The United States Supreme Court recently issued their decision in the case Arizona v. United States, putting into question the constitutionality of Law SB 1070 .
The Supreme Court struck down three sections of the law, but sent back to the lower court for consideration the provision of Section 2(B), which grants authorities the power to detain people that are suspected of lacking legal documents to be in Arizona.
Although the overruling of certain sections of law SB 1070 is a partial victory for pro-immigration activists, Section 2(B) represents a great danger because it will lead to racial profiling- based on appearance and how one speaks- even if the individual was born in the United States. As a result, bringing the End Racial Profiling Act  to a plenary session of Congress has been proposed, with the goal of mitigating the possible effects of law SB 1070.
The reaction of the blogosphere was swift. Maribel Hastings wrote for the blog Latinovations  that, according to her, law SB 1070 will be counterproductive for the Arizona population:
The Court has the potential to officially condone the use of racial profiling and discrimination against Hispanics and other minorities…The law was enacted in the name of fighting undocumented immigration, but its victims may be legal residents or, ironically, citizens–the precious voters both parties are trying to attract.
The blog InmigranteTV  states that immigrants fear a wave of discrimination in the wake of the court ruling:
Este artículo [Section 2(B)] puede llevar a generar discriminación racial contra los inmigrantes hispanos, legales o indocumentados, por su apariencia física, señala Promise Arizona, organización con sede en Phoenix…Son muchos los casos que se reportaron en el pasado sobre el actuar de las agencias policiales al detener a personas solo por su piel, su forma de hablar, vestirse[;] por tal razón, existe un temor muy grande que los hispanos sean blanco de los agentes del orden en la aplicación de la SB 1070.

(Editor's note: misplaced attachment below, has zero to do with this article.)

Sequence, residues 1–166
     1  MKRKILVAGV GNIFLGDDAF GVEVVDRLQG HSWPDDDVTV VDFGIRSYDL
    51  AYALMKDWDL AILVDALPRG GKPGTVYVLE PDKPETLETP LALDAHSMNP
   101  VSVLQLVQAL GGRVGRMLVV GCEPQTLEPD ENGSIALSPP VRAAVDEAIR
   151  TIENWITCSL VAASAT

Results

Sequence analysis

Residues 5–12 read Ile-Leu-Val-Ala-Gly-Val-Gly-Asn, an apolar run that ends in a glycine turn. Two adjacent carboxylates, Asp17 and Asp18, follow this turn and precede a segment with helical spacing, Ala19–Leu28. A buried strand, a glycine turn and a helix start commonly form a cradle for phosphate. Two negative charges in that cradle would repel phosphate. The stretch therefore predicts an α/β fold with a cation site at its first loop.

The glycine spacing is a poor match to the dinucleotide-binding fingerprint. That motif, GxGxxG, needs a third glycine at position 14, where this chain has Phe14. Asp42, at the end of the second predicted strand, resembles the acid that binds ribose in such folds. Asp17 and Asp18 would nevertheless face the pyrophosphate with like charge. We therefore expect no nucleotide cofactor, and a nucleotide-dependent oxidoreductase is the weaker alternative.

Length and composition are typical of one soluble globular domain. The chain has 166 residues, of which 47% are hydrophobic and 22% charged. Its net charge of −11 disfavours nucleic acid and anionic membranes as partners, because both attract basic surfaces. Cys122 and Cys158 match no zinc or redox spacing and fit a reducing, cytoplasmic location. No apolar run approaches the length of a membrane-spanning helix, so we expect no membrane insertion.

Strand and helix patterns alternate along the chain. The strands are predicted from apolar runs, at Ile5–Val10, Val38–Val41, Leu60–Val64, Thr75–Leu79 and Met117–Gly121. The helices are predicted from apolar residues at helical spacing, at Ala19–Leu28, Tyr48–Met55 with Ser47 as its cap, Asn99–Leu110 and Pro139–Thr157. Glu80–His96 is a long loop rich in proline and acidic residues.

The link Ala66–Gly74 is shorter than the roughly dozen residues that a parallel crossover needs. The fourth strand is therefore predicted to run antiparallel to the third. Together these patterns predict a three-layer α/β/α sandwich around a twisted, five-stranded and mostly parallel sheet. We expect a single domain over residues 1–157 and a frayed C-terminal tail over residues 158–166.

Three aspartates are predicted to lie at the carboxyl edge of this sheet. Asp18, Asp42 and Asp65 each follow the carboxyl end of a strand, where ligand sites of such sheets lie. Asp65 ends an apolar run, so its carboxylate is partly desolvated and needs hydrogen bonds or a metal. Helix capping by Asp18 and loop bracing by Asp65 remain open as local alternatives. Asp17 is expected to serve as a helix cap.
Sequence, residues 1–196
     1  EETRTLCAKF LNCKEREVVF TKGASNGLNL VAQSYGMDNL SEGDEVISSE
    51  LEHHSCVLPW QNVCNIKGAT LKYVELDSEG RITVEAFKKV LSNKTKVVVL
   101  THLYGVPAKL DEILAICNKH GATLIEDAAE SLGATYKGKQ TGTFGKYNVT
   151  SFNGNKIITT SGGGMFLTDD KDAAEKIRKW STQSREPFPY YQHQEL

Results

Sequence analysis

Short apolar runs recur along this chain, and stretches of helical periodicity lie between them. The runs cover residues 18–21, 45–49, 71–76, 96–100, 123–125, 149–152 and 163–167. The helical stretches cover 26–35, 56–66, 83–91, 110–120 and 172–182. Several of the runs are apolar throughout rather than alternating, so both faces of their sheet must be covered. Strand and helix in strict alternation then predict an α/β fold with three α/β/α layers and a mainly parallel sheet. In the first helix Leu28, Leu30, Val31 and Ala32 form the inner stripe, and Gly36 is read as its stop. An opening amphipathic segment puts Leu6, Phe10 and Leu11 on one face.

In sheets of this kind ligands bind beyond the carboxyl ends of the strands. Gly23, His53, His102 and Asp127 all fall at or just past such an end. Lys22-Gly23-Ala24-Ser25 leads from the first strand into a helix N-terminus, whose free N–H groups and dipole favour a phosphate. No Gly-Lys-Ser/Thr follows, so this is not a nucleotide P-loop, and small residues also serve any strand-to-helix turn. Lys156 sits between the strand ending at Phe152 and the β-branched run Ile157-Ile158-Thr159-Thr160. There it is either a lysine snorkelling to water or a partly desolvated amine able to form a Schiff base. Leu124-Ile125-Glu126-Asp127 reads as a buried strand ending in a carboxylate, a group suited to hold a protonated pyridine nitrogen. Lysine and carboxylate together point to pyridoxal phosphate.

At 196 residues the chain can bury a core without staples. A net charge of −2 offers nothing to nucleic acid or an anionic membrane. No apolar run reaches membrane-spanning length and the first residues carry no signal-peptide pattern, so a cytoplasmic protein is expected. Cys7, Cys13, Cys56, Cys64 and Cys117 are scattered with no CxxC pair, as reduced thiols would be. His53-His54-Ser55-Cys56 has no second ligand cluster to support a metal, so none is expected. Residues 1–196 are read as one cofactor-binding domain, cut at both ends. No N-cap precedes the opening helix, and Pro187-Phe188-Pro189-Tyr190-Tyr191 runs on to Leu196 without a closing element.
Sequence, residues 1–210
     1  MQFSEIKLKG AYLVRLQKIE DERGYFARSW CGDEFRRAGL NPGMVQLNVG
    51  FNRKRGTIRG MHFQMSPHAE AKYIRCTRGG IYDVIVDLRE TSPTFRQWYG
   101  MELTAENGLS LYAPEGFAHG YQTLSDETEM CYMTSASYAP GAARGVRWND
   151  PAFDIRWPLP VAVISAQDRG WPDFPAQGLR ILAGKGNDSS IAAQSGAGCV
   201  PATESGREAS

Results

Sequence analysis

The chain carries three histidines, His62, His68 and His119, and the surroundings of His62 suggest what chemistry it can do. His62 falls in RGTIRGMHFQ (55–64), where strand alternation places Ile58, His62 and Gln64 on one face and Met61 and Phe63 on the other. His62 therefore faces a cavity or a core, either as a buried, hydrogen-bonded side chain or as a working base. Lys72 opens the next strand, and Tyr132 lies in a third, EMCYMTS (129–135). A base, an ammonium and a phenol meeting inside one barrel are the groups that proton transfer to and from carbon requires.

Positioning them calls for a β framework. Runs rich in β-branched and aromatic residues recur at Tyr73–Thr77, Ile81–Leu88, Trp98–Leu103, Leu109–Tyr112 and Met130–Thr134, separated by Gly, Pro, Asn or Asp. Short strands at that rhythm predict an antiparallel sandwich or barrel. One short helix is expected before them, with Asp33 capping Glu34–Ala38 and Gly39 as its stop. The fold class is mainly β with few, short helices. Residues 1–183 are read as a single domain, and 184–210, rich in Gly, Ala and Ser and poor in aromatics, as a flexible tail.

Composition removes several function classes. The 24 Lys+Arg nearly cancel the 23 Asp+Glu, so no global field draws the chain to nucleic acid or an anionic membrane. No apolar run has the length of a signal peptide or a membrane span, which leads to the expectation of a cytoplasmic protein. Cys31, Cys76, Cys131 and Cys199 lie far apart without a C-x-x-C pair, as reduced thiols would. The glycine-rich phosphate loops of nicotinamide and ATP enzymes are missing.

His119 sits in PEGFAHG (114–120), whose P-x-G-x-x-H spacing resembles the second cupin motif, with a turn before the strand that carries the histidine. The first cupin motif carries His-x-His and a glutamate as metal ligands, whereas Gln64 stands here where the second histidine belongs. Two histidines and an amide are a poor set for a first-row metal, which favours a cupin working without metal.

Pili Tobar explains the “true position” of Americans with regards to the nation's immigration system for the America's Voice blog :
Americans believe the immigration system is broken and know that action is needed to fix it. And some voters are so frustrated with the stalemate in Washington that they’re willing to consider other options. But support for comprehensive immigration reform is actually stronger than support for state-based crackdown laws. As it turns out, politicians can appeal to both Latino voters and other Americans simply by embracing and acting on real immigration solutions.
On Twitter, many question the effectiveness and the possible repercussions of law SB 1070:
Alia Rau (@aliarau ) discloses the monetary expense that law SB 1070 has brought with it:
Lastly, Congressman Luis V. Gutiérrez, of Puerto Rican descent, expressed his point of view in regards to SB 1070: